It is anticipated that the project will raise a total of $38m which will be spent on improving Ukraine's cybersecurity.
The cybersecurity assistance funds will be used to develop cyber workforce and regulatory reforms.
The two countries also discussed critical infrastructure, 5G network security, and cyber incident response plans.
The U.S State Department has pledged $8 million in funds to Ukraine as part of a “cyber dialogue” held on Tuesday in Kyiv between officials from the two countries.
A new cybersecurity project sponsored by USAID (the US Agency for International Development) will be the beneficiary of the promised injection of American dollars. Over the next four years, it is anticipated that the project will raise a total of $38m, all of which will be spent on including workforce development and regulatory reforms.
Back in 2017, as part of the first U.S.-Ukraine cyber dialogue summit, the U. S. had given $10 million as cybersecurity assistance to Ukraine. The two countries met again in 2018 to review their cybersecurity projects.
As per the State Department, the most recent meet was to reaffirm the "our shared commitment to ensure an open, interoperable, reliable, and secure cyberspace in which all states behave responsibly.”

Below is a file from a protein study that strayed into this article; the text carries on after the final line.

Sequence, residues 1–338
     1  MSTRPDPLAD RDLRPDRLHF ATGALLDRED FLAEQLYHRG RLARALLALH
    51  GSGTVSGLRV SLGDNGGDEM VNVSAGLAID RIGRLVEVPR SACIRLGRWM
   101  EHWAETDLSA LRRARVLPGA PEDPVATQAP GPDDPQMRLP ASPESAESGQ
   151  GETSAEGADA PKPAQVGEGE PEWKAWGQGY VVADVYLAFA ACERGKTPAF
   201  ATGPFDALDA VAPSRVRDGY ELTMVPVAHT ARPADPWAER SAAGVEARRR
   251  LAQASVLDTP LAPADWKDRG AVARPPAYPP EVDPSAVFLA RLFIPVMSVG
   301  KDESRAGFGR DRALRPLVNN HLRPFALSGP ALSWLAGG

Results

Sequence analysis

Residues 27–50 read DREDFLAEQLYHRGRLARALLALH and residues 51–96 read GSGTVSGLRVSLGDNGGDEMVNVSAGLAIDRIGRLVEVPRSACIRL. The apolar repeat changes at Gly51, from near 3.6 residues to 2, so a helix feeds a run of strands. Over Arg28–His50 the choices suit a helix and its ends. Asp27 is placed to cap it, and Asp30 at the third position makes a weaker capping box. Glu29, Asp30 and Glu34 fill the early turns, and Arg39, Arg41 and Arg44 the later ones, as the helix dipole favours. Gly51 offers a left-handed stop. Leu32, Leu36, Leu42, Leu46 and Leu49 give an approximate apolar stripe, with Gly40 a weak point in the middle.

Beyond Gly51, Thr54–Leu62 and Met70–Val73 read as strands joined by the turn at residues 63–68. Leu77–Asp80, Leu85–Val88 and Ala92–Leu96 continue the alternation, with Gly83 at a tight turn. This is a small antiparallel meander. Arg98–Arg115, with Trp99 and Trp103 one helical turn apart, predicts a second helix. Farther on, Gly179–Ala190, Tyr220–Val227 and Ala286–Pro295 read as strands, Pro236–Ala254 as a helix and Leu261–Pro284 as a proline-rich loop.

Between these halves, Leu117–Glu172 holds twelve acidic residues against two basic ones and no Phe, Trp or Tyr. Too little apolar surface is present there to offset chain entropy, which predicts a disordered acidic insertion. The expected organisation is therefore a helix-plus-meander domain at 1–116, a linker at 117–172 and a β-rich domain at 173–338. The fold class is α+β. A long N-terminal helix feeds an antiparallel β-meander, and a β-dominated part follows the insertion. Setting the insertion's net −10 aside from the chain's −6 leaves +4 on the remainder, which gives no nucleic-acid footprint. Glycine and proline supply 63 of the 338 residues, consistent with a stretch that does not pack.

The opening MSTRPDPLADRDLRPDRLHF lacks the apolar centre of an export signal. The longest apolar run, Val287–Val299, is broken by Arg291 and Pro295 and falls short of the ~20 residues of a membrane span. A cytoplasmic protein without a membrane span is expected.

Joseph Pennington, the acting deputy chief of mission at the U.S Embassy in Kyiv, officials from the FBI, Defense, Energy, Homeland Security, and Treasury departments were in the American delegation that participated in the cybersecurity dialogue.
Ruslan Nimchynskyi, Ministry of Foreign Affairs director-general for international security, led Ukraine’s interagency delegation.
Cybersecurity issues including strengthening critical infrastructure against cyberattacks, 5G network security, and cyber incident response plans were discussed. On the agenda also were cyber-capacity building and international cyber-policy issues, including engagements in multilateral fora and policies around public attribution.
The new funds were given two months after Ukrainian authorities asked the FBI to assist in investigating an attack on Ukrainian gas company Burisma by Russian military hackers.
Burisma has been in the spotlight in recent months due to the impeachment inquiry into President Trump, which began after an anonymous whistleblower report alleged that Trump had tried to pressure Ukrainian President Volodymyr Zelensky into investigating former Vice President Joe Biden and his son Hunter Biden, who served on the company's board between 2014 and 2019.
Ukraine has also long been seen as a testbed for Russian hackers, particularly in the wake of geopolitical tensions between the two countries in the wake of Russia’s annexation of Crimea.